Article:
Please welcome Shelley Stout, author of Radium Halos, a fictionalized account of the girls who painted dials with radium. It has been interesting to me to learn about Shelley's research into much more recent times, as compared to my own research much farther back.
Here is Shelley on the work that went into her book:
Radium Halos is a work of historical fiction, which means that although it is fiction, it still has to be historically and technically accurate. It means that before I even put that first sentence on paper, I had to research my subject. As with many historical topics, there is far more information available out there than anyone would ever need to write a novel.
At the time I decided to write Radium Halos, it was 2005. More than 17 years had passed since I’d first viewed the documentary about the dial painters who died of radiation poisoning. I had to re-familiarize myself with the facts so I would then be able to create believable, relatable, and fully fleshed-out characters to weave into the true events.
To be able to write this novel, I had to focus on three main areas of research. First, I had to research radium itself, and the experience of the dial painters in Ottawa, Illinois. I studied all about what happened, how they suffered from jaw cancer and radiation poisoning. I researched how it affected their families. I was able to get a very grainy VHS copy of the documentary again, and watched it a couple of times as part of my research. Also, since much of my story is about two teenage sisters in 1923, I had to be sure their clothing, their expressions, and their behaviors were all accurate for that time.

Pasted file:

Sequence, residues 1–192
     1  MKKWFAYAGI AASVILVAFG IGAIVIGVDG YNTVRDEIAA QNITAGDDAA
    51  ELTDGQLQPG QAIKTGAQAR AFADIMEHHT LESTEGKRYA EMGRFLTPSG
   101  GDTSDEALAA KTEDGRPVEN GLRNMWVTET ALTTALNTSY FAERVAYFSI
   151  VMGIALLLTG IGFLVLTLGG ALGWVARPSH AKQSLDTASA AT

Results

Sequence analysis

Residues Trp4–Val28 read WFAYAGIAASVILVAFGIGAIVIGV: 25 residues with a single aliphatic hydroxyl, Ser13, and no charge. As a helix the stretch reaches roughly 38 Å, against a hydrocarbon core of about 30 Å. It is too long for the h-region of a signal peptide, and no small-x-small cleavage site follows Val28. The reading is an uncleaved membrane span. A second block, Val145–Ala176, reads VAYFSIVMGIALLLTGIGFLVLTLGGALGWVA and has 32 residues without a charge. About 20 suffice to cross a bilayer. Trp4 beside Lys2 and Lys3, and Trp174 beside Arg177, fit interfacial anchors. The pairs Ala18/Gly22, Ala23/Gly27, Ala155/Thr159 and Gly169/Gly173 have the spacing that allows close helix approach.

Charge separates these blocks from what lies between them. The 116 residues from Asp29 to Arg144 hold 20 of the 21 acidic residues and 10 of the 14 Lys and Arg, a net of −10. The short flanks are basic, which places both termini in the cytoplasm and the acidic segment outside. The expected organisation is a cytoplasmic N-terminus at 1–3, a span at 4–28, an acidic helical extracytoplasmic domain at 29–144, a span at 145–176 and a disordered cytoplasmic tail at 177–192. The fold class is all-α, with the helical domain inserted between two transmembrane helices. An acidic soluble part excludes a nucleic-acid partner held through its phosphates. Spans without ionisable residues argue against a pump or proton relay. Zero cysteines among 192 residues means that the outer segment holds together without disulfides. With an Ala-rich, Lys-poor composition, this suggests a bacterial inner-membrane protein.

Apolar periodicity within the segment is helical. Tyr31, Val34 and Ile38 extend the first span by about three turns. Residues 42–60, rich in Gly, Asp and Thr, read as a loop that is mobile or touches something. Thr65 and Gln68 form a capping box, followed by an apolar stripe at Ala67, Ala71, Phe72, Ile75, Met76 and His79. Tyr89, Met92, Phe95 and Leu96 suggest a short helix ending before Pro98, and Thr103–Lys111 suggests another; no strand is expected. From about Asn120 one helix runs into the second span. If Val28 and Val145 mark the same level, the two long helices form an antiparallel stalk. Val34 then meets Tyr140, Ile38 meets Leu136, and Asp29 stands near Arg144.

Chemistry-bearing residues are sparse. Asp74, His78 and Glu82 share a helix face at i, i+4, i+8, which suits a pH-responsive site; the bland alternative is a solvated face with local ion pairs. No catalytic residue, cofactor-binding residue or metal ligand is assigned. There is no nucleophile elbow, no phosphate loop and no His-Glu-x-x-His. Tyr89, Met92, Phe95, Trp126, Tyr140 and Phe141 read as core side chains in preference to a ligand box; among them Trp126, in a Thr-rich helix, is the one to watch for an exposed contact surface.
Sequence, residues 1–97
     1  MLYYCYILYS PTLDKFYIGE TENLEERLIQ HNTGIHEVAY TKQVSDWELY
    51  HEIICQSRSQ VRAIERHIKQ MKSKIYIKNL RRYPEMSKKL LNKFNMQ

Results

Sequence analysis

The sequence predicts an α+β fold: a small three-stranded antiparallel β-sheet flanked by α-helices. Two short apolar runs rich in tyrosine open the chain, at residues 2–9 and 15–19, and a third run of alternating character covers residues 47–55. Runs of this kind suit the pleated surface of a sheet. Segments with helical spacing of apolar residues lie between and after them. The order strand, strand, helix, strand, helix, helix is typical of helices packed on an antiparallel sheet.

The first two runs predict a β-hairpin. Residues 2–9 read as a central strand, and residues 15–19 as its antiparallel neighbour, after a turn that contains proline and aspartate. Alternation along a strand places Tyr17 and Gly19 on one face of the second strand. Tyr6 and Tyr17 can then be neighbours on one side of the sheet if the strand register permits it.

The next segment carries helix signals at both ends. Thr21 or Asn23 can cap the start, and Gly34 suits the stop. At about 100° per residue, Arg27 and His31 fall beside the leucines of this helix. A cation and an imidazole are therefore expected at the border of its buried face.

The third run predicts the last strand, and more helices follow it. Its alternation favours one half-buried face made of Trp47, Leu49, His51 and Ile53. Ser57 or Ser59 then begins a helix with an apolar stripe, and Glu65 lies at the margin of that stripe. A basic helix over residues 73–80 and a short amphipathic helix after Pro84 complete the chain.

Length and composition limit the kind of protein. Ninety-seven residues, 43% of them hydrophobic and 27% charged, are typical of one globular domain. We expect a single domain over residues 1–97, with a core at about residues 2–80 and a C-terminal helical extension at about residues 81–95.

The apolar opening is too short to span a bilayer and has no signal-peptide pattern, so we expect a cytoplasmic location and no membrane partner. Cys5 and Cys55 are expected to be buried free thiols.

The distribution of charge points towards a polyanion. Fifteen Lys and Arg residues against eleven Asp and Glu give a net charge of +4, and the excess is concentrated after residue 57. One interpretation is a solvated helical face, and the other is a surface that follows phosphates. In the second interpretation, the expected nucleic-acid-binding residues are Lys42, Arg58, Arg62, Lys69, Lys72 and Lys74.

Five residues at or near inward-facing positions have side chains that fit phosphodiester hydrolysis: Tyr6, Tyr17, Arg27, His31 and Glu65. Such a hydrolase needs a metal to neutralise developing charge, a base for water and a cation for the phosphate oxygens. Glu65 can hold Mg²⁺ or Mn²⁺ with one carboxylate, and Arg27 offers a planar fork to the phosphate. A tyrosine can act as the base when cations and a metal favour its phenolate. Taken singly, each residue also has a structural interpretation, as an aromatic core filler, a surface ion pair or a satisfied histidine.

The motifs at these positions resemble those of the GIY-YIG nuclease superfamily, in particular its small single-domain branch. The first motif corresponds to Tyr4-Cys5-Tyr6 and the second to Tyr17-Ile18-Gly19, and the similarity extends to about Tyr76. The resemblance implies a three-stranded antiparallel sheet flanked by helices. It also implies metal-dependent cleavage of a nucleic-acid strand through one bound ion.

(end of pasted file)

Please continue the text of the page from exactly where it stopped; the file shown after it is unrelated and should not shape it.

The next part I focused on was the Argonne National Laboratories. In the 1970s, researchers did a study of the dial painters. They contacted the survivors, to ask them to travel to the lab to have their bones tested for radium. They also contacted the families of those who had already passed away, for permission to exhume their bodies and study their bones. They actually shipped their bones up to the lab for testing. I spoke to a very nice gentleman who had worked on this research, and he was a wealth of information.
The last part of my research was mental institutions, because my main character Helen has been in a mental institution for most of her adult life. I visited a state mental hospital near Charlotte, called Broughton. The hospital did not give me permission to use their name in my book, so I invented a new name: Mannington. Helen is in Mannington in 1972, and since I wanted everything to be accurate for that year, I spent an afternoon with a man who had worked there during the 1970s. I wanted to know what the patient’s rooms were like, what the conditions were like, what sorts of medications were available back then and how well they worked. I learned what their therapy was like, and how it differs from present day mental hospitals.
What I find most shocking about the dial painters is the unwavering faith, belief, and trust these young women had in their superiors. Management promised these innocent workers that it was perfectly safe to inhale, touch, use, and swallow paint made of radium. Clearly, the organization was more focused on production than protecting people from danger.
More about Shelley and Radium Halos:
--Batt Humphreys, former senior producer for CBS News and author of Dead Weight
Also available on Kindle